BYU-Idaho group to host sand dune cleanup day
A news release sent out by the Bureau of Land Management last week sparked a wildfire of internet discussion of litter at the St. Anthony Sand Dunes.
The news release quoted a BLM employee who had recently visited the sand dunes to prepare it for the spring recreation season, only to discover thousands of metal nails sticking out of the sand, leftover from illegal wood pallet burns.
“I pulled up to the area to complete some sign maintenance and I noticed thousands of dark lines in the sand,” said BLM Recreation Planner Ben Cisna in the news release. “I didn’t know what it was at first, but as I got closer I realized it was nails.”
In the news release, the BLM referred to Brigham Young University-Idaho students as one of the potential sources of the illegal pallet burns. That didn’t settle well with BYU-I student Carlton Jensen, president of the BYU-Idaho Range Society.
According to Jensen, the Range Society is composed of students studying rangeland management. Rangelands are lands dominated by a natural vegetation of grasses, forbs, and shrubs. Rangeland managers can work for private ranchers, consulting firms and government agencies including the US Forest Service and the BLM.
“The Range Society has been looking for ways that we can do meaningful service in the community,” Jensen said. “When Ben Cisna, the BLM outdoor recreation planner, posted pictures of nails in the sand dunes, I thought it would be a great project. I never thought that it would attract this much support and encouragement from the community.”
Jensen, a 24-year-old freshman from west Colorado, said he and his wife went out exploring at the dunes recently and found the same scenario that Cisna did.
“Me and my wife went out there, and it looks like the sand shifted,” he said. “People have their fires on top of the dunes, but the nails are being found at the bottom of the dune. From my perception, it’s years of use and it’ll keep on doing that.”
Jensen said that although he’s no geologist, he believes that metal fragments like nails leftover from wood pallet burning settle into the sand, resulting in being buried until strong winds push around the sand and reveal the metal on the surface. He said that the only thing that can stop nails from being exposed in the sand is for them to stop being brought to the dunes in the first place via pallet burning.
“The biggest thing I would like to see from this is public outreach and get the burning of pallets to stop,” he said. “Even if we stopped them all right now, we’ll still have nails show up in the sand for more years.”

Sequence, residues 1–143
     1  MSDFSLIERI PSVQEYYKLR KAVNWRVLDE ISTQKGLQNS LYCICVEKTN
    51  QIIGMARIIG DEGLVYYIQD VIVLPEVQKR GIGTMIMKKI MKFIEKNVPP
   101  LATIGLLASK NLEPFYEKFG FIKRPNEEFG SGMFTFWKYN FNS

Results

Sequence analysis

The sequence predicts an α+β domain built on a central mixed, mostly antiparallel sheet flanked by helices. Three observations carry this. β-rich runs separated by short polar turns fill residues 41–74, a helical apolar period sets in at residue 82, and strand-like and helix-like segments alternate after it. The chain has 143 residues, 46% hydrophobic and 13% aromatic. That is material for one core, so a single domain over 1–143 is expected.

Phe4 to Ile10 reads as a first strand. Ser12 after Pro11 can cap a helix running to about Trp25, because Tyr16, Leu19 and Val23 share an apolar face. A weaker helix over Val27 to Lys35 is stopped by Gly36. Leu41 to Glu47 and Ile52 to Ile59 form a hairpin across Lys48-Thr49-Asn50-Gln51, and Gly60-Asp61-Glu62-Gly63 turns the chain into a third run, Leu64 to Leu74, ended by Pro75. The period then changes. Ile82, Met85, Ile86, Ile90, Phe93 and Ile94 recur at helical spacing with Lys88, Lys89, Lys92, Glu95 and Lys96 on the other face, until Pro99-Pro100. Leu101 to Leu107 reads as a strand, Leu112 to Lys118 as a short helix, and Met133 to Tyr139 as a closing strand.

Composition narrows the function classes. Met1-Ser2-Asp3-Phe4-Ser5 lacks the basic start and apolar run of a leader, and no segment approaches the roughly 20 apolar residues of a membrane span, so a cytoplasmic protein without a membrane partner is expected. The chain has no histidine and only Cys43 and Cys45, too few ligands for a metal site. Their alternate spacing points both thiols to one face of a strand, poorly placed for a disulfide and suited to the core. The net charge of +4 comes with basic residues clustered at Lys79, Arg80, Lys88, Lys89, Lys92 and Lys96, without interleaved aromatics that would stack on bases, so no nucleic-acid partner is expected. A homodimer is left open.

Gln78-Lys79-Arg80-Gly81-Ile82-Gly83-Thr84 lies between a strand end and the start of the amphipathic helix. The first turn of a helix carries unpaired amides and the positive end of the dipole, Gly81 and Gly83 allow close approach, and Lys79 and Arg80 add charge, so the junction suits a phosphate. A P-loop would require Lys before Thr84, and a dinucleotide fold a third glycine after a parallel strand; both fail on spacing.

Jensen said he knows fellow BYU-I students go out to the dunes to have a good time, but not enough of them understand what is and isn’t allowed.
“I’m completely supportive of these college kids going out there and having fun, but you have to be careful,” he cautioned. “I don’t think college students are trying to break the rules, they don’t know what they’re doing. They shoot out there too. They don’t know where to go. I understand community members wanting to keep their fun spots secret, but we need to communicate better about recreation areas and what is and isn’t allowed by BLM and the county. I’m sure most of them aren’t out there to cause damage, and only a few don’t care.”
The BYU-Idaho Range Society will be hosting a sand dunes cleanup day on Saturday, March 24, beginning at 10 a.m. Also participating is the BYU-Idaho Geology Society, the BYU-Idaho Wildlife Society, St. Anthony Duners — Home of the Locals, and Sportsmen for a Cleaner Fremont County. Volunteers will need to bring a pair of good outdoor shoes, work gloves, magnets, and rakes.
“I am hoping that this is just the first of many student driven cleanups of public land,” Jensen said. “It is my hope that we can start doing this each semester. We already have next semester’s cleanup scheduled for May 19, the Saturday before Memorial Day Weekend.”
Jensen said that he understands that if the whole community, not just BYU-Idaho students, doesn’t give recreation areas the respect they deserve, the opportunities to have fun in those areas will end.
“We can go clean it up so many times, but if the pallets still get out there then there will always be more nails,” Jensen said. “I want the community to see the college students care about the community, and this is us giving back to the community for letting us come here. I don’t want to see this area get barred off to access, because if these problems continue that’s what the BLM will do. We need to show we’re responsible and that we care for the lands and the community, and if we don’t show that then we might have that privilege taken away. I don’t want to see that happen.”
For more information on the cleanup day, visit the BYU-Idaho Range Society’s page on Facebook.